At some point in our careers, we've all had to deal with people who act like jerks at the office. But what if the office jerk is actually you?
At some point in our careers, we’ve all had to deal with people who act like jerks at the office. But what if the office jerk is actually you?
I had a client who was having difficulty moving upward in his career. After analyzing the situation, I realized that he was the office jerk — and his behavior was holding him back from promotions.
Could your office behavior be stalling your career? Find out by answering these 10 yes/no questions:
• Do you gossip about your co-workers?
Most Read Stories
- More details emerge about events leading up to WSU QB Tyler Hilinski's death
- Amazon Go cashierless convenience store opens to the public in Seattle VIEW
- Are you ready? Here comes a deluge of rain, snow across Western Washington
- Undersea quake sends Alaskans fleeing from feared tsunami VIEW
- Million-dollar home sales surge in King County, creeping into cheaper neighborhoods VIEW
• Do you eat smelly food at your desk, even when others have politely asked you to eat elsewhere?
• Do you use your co-workers’ ideas and claim them as your own?
• Do you wear strong cologne/perfume at work, even though you’ve been warned that it irritates others?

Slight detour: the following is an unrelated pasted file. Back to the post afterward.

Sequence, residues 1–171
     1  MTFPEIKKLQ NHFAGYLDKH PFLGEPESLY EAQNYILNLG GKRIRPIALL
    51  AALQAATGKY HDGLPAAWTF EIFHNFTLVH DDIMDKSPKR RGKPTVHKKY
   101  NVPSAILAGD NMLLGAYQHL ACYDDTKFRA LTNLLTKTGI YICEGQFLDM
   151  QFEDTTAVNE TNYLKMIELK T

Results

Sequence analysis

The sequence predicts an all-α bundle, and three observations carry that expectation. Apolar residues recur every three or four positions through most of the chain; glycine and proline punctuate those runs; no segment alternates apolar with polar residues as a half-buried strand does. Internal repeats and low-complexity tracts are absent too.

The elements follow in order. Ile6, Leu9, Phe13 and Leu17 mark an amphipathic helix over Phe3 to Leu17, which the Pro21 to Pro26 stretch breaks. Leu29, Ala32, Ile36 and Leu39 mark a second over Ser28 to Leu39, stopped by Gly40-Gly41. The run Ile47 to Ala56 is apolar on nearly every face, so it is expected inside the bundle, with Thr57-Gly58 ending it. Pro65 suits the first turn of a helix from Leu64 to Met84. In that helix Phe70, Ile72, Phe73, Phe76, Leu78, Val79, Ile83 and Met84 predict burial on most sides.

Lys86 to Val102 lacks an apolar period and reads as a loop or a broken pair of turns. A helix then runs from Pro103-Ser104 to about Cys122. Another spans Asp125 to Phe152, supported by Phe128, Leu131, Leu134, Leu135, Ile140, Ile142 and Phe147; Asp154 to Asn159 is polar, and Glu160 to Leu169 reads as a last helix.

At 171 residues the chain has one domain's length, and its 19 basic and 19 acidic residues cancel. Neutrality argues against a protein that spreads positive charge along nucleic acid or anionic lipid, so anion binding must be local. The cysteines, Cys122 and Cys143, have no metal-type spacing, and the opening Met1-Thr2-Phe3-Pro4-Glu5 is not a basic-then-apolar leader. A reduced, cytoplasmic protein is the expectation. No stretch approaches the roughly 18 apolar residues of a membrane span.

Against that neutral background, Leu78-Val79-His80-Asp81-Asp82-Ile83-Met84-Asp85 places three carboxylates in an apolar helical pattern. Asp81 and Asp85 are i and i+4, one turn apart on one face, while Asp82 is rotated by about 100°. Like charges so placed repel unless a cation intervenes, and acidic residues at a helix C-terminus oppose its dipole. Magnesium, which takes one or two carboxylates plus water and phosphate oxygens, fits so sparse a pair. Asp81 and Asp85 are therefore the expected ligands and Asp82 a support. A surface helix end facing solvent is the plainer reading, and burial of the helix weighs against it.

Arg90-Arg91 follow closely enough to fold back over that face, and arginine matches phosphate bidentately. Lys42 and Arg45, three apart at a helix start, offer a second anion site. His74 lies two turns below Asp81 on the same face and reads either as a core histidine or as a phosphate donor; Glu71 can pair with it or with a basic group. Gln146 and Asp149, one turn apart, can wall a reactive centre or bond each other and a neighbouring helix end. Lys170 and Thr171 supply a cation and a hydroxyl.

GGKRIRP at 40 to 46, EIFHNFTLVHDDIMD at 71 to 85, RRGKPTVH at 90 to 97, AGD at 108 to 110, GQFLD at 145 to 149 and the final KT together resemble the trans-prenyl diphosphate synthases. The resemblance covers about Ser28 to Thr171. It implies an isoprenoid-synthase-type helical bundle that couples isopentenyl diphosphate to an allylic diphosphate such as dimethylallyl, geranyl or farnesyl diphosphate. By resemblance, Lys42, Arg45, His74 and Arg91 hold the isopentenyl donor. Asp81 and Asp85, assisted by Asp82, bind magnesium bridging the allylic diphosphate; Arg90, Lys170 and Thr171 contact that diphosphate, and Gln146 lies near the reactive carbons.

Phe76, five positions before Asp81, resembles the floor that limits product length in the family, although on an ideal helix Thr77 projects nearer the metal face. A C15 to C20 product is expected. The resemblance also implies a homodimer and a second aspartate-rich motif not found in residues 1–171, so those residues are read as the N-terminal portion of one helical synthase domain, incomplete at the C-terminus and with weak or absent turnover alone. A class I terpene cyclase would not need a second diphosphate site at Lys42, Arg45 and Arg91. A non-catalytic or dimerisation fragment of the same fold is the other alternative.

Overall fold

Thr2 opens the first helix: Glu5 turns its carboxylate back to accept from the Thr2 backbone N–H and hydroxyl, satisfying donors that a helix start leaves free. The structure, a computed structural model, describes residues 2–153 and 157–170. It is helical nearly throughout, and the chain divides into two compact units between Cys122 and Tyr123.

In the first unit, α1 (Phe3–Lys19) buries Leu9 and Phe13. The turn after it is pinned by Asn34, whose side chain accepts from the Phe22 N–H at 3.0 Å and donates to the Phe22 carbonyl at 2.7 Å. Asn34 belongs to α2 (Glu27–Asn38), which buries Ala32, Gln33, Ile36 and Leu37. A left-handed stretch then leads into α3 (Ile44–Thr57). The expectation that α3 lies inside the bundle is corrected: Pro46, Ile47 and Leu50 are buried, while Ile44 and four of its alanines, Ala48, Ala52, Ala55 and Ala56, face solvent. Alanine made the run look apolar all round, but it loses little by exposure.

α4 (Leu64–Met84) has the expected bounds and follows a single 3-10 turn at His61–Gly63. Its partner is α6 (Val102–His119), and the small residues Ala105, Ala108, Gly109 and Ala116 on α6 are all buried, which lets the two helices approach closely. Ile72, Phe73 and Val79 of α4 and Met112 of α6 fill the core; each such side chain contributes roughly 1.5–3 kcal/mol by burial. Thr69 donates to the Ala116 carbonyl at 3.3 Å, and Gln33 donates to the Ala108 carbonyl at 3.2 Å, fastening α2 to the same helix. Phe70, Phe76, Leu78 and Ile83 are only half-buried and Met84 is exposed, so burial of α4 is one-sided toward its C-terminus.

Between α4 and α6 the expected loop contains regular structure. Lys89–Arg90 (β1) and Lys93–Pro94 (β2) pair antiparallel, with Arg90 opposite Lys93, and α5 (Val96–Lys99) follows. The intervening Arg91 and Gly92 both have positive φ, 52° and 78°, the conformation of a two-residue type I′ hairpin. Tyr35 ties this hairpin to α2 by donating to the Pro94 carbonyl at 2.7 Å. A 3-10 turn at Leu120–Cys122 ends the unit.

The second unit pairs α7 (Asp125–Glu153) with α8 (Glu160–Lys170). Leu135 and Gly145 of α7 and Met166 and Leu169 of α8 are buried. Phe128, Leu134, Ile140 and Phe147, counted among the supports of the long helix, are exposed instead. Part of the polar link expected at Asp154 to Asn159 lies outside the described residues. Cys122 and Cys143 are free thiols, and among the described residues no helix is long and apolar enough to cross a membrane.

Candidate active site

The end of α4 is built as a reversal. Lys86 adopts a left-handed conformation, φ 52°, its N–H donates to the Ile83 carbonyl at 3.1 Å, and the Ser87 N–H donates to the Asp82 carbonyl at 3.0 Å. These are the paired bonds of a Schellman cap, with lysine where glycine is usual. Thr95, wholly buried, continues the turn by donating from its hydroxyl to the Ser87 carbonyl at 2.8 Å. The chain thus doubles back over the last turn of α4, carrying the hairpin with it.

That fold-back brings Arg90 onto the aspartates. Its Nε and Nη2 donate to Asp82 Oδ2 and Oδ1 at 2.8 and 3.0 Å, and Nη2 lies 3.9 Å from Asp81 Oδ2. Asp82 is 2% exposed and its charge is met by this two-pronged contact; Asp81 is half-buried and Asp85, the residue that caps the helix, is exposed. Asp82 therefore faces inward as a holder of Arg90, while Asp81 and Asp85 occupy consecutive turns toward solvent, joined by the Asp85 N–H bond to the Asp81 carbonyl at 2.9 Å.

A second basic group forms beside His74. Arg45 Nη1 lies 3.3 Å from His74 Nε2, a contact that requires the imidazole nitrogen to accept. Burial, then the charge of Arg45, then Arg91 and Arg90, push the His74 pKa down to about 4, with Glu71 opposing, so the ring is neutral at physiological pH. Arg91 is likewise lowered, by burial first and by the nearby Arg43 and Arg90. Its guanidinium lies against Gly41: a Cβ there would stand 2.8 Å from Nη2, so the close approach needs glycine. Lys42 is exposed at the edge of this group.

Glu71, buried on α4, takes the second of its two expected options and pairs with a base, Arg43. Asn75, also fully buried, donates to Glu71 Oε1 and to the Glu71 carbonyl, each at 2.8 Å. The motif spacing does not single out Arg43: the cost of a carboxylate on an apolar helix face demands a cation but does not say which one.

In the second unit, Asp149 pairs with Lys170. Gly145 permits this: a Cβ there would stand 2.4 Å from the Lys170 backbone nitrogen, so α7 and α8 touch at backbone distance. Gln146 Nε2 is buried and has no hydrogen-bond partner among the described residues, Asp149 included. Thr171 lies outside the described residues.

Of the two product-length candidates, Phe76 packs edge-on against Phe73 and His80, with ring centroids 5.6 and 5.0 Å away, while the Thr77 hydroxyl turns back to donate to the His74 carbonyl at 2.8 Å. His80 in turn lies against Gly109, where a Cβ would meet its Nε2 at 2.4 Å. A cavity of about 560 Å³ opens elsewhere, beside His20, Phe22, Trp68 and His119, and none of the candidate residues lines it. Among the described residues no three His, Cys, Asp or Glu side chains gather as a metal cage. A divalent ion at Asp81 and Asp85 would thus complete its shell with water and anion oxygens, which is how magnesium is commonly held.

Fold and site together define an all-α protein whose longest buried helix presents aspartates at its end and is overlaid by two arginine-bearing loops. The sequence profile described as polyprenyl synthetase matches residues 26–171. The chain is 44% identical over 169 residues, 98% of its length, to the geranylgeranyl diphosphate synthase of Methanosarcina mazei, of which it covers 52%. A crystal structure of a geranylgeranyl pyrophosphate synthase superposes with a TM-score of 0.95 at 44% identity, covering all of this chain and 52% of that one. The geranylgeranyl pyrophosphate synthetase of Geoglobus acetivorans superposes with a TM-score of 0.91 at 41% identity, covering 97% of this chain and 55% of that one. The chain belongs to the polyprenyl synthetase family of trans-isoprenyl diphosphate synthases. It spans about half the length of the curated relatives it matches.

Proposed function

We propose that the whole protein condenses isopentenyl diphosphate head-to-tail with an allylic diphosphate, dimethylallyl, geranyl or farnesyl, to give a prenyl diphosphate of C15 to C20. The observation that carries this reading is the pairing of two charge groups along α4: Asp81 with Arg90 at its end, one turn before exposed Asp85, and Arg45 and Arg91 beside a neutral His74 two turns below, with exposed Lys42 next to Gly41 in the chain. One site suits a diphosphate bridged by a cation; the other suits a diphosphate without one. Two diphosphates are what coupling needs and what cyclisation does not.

• Do you have a tendency to monopolize discussions during meetings?
• Do you interrupt others when they’re speaking?
• Do you have loud telephone discussions or conversations in a cubicle environment?
• Are you a “professional meeting attender”? (Translation: Do you spend more time in meetings than doing productive work?)
• Do you spend more time walking around the office chatting with people than you spend doing productive work?
• Does your behavior turn passive-aggressive or even outwardly angry when you don’t get your way?
If you answered “yes” to one or more of these questions, your colleagues (and management) might be labeling you an office jerk. Worse yet, your behavior may be holding you back from achieving your career aspirations.
Changing your behavior is about becoming more self-aware. “Take an honest look at yourself and your behavior,” recommends Seattleite Kathleen M. Sturgess, MA, NCC, professor of psychology at the University of Phoenix. “If you’re honest with yourself, you’ll likely remember gossiping about Sally in the break room, rolling your eyes at John in meetings or making negative comments to others about the results of Martin’s project.”
If you’ve looked in the mirror and identified behavior others could classify as being an office jerk, there are options for help. “It may be as simple as giving yourself a cue when you notice you’re behaving badly,” says Sturgess. “If you’re not good at self-monitoring, seek assistance. The safest route would be through human resources. It all boils down to social skills and learning what is — and isn’t — appropriate in the workplace.”